Two values are taken from the contents of registers or register pairs specified by ra and rb. The specified operation is performed, and the result is placed in the register or register pair specified by rc. A reserved instruction exception occurs for certain operations if rc Definition
As stated above, the present invention provides important advantages over the prior art. Most importantly, the present invention optimizes both system performance and overall power efficiency, thereby overcoming significant disadvantages suffered by prior art devices as detailed above. Thus, a multiplier array processing system is described. Although the elements of the present invention have been described in conjunction with a certain embodiment, it is appreciated that the invention may be implemented in a variety of other ways. Consequently, it is to be understood that the particular embodiment shown and described by way of illustration are in no way intended to be considered limiting. Reference to the details of these embodiments is not intended to limit the scope of the claims which themselves recite only those features regarded as essential to the invention. Patent Citations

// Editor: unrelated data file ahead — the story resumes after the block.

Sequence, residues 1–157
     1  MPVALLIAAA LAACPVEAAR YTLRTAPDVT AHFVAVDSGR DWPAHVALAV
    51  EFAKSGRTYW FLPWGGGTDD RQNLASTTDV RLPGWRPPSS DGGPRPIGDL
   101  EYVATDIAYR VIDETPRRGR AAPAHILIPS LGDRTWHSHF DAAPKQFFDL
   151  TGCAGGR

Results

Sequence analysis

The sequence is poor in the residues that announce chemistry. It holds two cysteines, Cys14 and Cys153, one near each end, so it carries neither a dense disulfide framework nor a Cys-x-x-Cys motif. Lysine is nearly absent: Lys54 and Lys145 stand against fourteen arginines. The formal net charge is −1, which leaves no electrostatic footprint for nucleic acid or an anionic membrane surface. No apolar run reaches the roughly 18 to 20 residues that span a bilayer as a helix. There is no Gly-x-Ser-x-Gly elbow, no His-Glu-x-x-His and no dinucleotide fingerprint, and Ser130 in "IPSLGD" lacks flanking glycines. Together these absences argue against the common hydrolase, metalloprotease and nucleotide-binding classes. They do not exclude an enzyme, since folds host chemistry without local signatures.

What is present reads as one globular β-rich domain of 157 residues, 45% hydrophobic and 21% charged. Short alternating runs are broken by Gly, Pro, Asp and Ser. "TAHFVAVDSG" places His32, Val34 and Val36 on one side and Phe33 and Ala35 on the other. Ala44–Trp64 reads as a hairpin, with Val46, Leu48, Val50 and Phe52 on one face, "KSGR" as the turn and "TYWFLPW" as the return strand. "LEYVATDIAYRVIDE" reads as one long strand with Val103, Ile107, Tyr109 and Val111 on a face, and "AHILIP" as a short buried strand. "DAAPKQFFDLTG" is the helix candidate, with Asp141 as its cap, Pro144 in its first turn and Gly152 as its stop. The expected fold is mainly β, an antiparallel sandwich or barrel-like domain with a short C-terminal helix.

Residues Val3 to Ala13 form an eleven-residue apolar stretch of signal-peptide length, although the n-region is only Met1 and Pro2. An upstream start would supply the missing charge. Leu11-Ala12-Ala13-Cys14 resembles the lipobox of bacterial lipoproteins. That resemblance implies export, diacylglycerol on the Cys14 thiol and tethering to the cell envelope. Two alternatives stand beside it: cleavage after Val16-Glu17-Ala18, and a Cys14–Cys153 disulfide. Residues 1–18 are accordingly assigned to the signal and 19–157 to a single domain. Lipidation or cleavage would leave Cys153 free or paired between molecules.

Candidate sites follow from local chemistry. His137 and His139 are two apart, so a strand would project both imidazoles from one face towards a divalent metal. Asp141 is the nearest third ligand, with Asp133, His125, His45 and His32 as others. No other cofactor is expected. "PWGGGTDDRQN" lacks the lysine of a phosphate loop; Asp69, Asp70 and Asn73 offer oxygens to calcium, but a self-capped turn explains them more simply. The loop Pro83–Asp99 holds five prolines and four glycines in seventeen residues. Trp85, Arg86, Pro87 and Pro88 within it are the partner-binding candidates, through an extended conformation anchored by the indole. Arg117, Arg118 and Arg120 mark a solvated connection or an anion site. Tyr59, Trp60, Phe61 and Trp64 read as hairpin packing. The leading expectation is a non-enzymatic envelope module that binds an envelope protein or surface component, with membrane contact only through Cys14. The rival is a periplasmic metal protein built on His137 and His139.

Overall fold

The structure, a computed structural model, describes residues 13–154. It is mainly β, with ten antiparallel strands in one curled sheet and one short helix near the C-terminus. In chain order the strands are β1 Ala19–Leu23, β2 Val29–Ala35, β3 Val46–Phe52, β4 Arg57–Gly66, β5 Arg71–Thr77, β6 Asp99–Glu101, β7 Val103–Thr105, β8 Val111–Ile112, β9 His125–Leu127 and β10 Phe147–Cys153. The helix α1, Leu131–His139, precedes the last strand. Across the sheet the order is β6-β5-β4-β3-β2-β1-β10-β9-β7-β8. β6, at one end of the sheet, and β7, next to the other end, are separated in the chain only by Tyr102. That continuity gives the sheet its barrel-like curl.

Non-Patent Citations